Riccardo Santangelo is not really good enough to be a first choice at midfield but he’s getting plenty of time in the rotation.
Rene Engesser joined us from Roma. He’s is the only loan not to come from Palermo and the only foreigner in the club.
And here’s who we signed ourselves:
And then here are the ones we’ve signed on contracts. All of them were free transfers. Being a sucker for wingers I couldn’t help but fall a little in love with these three pacey dribblers.
Federico de Giorgi joined us in a controversial transfer from cross-town rivals, Latte Dolce. You might remember them from a previous update, where I swore I would never lose a derby match against a team called Sweet Milk. De Giorgi has been on fire since joining Torres netting 7 goals and making 2 assists in 12 starts.
With good technique, pace, dribling, first touch, crossing and off-the-ball movement Paolo Cavalini looked to good to be true. Add to that that he’s two-footed and I was sold. He’s been playing on both sides of the pitch and have managed 8 assists and 3 goals in 13 starts. He joined us after two mediocre seasons at fellow Serie C club Prato.
Sandro Nardi looks very much like the others, but haven’t really had the same success. I’m still very pleased with him though.
Then there’s Andrea Ravasio who somehow only managed 7 goals in 54 games for Varese in Serie D. Now he’s alternating with Botrini as the lone striker in our 4-1-4-1 or the advanced forward in the 4-4-2. So far he’s scored 5 and made 4 assists in 13 starts.
Giorgio Bettinelli is the Gattuso in our team. Iron-willed with plenty of work rate, bravery, aggression and tackling ability. He never got a chance at Fiorentina, but at Torres he’s bossing the midfield.
When I saw Lorenzo Breglia, I had to sign him. For his age and for this level, he’s very good. And with good potential and low wage demands, this was a no-brainer. Our regular goalkeeper Ruocco is 39 years old. We need to think ahead.
On top of that a few of the regulars from last season was given a contract. Gianfranco Botrini was the first one of course. He’s been injured a lot this season but has still managed 4 goals in 6 matches. The rest have chosen to stay on as amateurs.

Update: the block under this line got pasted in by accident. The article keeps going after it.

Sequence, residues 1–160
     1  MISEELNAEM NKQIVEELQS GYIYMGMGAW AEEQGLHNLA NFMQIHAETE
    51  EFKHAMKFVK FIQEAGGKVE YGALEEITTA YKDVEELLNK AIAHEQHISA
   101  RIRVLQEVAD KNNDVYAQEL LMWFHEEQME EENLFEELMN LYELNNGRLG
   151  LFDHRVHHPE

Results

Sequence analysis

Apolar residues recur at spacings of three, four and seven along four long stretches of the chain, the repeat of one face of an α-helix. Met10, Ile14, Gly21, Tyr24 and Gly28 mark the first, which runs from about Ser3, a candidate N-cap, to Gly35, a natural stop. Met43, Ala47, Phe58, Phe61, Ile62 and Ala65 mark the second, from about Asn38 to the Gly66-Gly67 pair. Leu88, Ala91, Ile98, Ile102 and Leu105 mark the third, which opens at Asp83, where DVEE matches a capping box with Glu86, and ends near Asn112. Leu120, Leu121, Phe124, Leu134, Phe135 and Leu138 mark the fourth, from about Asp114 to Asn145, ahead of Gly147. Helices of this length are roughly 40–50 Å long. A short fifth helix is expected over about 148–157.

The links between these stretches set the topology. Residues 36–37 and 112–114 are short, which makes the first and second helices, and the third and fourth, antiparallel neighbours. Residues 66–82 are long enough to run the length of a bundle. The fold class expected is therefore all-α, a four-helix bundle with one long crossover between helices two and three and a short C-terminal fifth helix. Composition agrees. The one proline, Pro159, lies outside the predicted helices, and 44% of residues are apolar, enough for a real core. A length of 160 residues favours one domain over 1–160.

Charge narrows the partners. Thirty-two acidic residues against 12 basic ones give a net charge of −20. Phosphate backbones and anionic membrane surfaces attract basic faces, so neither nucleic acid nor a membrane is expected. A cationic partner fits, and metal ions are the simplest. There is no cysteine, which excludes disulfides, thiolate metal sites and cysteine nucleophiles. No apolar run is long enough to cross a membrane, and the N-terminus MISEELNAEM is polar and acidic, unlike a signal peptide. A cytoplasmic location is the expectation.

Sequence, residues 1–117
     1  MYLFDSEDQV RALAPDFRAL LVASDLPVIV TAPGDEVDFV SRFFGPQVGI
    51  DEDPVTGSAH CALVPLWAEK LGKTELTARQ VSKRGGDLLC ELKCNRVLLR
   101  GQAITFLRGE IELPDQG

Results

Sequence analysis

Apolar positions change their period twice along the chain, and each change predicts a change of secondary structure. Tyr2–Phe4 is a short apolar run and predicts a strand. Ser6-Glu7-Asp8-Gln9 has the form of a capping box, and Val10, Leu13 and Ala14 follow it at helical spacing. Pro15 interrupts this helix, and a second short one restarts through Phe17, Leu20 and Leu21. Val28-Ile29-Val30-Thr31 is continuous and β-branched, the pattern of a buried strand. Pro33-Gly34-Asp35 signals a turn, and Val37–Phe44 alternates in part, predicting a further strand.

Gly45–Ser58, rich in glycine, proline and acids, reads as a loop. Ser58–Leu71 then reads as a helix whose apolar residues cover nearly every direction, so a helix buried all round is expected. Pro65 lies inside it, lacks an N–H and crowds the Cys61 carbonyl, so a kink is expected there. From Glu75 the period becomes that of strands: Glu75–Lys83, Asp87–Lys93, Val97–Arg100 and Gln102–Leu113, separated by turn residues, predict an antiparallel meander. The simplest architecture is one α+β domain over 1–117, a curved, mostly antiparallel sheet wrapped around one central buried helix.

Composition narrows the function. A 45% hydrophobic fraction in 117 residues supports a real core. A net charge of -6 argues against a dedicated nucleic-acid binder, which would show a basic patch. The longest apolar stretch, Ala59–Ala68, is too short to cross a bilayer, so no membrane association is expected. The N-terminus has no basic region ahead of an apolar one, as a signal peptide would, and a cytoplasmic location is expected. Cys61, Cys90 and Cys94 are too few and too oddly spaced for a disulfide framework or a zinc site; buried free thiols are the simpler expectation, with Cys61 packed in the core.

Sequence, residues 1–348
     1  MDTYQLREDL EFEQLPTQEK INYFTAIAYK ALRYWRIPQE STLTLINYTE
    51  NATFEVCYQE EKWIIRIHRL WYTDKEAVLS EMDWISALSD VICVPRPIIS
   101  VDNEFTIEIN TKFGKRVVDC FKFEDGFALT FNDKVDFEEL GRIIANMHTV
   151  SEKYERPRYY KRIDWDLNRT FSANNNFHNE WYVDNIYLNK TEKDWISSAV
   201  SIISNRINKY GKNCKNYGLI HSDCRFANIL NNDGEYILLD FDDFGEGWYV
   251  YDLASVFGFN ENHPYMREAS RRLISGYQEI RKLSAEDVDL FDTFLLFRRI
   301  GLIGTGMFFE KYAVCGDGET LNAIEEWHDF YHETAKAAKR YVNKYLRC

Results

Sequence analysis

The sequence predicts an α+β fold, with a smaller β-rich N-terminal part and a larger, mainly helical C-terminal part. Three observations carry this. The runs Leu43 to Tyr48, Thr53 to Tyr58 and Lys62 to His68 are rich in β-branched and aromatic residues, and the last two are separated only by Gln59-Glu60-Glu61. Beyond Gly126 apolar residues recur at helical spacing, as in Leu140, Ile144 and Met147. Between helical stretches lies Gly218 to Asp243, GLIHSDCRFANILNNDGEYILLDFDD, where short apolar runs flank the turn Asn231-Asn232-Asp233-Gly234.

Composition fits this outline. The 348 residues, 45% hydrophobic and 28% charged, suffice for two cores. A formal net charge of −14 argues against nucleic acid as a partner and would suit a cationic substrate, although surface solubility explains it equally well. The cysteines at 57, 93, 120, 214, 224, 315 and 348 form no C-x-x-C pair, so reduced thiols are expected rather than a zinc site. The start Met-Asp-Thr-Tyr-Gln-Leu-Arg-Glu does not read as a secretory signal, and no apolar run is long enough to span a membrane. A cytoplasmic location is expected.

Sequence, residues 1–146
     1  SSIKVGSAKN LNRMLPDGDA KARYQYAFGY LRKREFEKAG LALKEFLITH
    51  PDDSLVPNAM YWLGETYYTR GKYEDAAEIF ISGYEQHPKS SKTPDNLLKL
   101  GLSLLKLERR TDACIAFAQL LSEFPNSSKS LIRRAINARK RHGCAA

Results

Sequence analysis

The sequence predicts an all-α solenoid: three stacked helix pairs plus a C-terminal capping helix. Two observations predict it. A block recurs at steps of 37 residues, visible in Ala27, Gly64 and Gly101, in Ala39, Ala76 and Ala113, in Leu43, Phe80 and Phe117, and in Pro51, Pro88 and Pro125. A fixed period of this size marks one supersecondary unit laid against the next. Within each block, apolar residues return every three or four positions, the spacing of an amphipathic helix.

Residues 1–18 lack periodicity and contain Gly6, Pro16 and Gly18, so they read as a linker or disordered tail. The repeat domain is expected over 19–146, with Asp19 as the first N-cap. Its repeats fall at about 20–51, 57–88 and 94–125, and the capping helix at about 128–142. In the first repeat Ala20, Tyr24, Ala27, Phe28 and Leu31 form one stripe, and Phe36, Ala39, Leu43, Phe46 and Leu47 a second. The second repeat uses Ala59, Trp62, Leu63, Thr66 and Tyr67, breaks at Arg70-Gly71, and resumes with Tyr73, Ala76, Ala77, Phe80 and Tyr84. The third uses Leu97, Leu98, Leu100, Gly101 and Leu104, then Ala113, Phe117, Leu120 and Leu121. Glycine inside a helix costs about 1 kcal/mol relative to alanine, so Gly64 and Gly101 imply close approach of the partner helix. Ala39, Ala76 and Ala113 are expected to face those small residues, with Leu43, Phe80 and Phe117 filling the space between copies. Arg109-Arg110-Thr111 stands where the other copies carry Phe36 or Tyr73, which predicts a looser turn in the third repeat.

Finances and future transfers
All in all that leaves us with a weekly wage bill at 6,725 euros. That’s well below the 11,000 I calculated we could afford and miles away from the 29,000-figure the board came up with.
Not surprisingly, the finances look fine.
Heading into the transfer window the only signing I’m looking for a decent right-back. Preferably a cheap youngster on loan. Someone with potential and a contract running out in six months. Play him regularly and court him enough, he might just sign for us after the season ends.
Other than that everything will depend on whether or not we can keep hold of our new signings. Ravasio, Nardi, Cavallini and di Giorgio all have at least a handful of team interested in signing them. We even have Torino, Lazio and SPAL from Serie A asking to have them on trial.
I’m turning down all bids and approaches. It took me ages to find these guys and I’m certain we won’t be able to replace them any time soon. Also, money’s not a problem for us and as they develop, their value will most likely rise leading to bigger bids in the future.
Thanks for reading. I’d love to get feedback from you, so please reach out with questions, comments, suggestions or whatever else you feel like. You can reach me on Twitter at @FM_Ponzie or in my Slack channel #Torres.
Barca Style of Play
Pep Guardiola started to implement his playing style upon his Man City team almost as soon as he arrived last season, but with an ageing squad and after a disappointing season with Bayern, he couldn’t reach the dizzying heights of his...
Pure Number 10 players are the kind of species that we, football fans, love to admire. The number 10 position it is indissolubly linked with skills, vision, and creativity. They are the players people buy ticket for, the ones that can turn a match around....
Imagine, you became a manager of the small amateur club with limited financial options, you have only one coach and part-time physio and your players train after their shifts at work. You hope they will play with your own philosophy, with your favourite formation...
Welcome back to my MLS guide. In the first post, we went over league structure, and in the second post we covered roster composition. In this post, we're going to discuss various topics related to player acquisition, including the allocation ranking, allocation funds, the...
As one of few Scots to have learned how to write in English, I've been tasked with providing you, our fine reader, with some form of guide about the Scottish leagues available to you on Football Manager 2018.
"Scotland? That's boring. It's just Celtic and...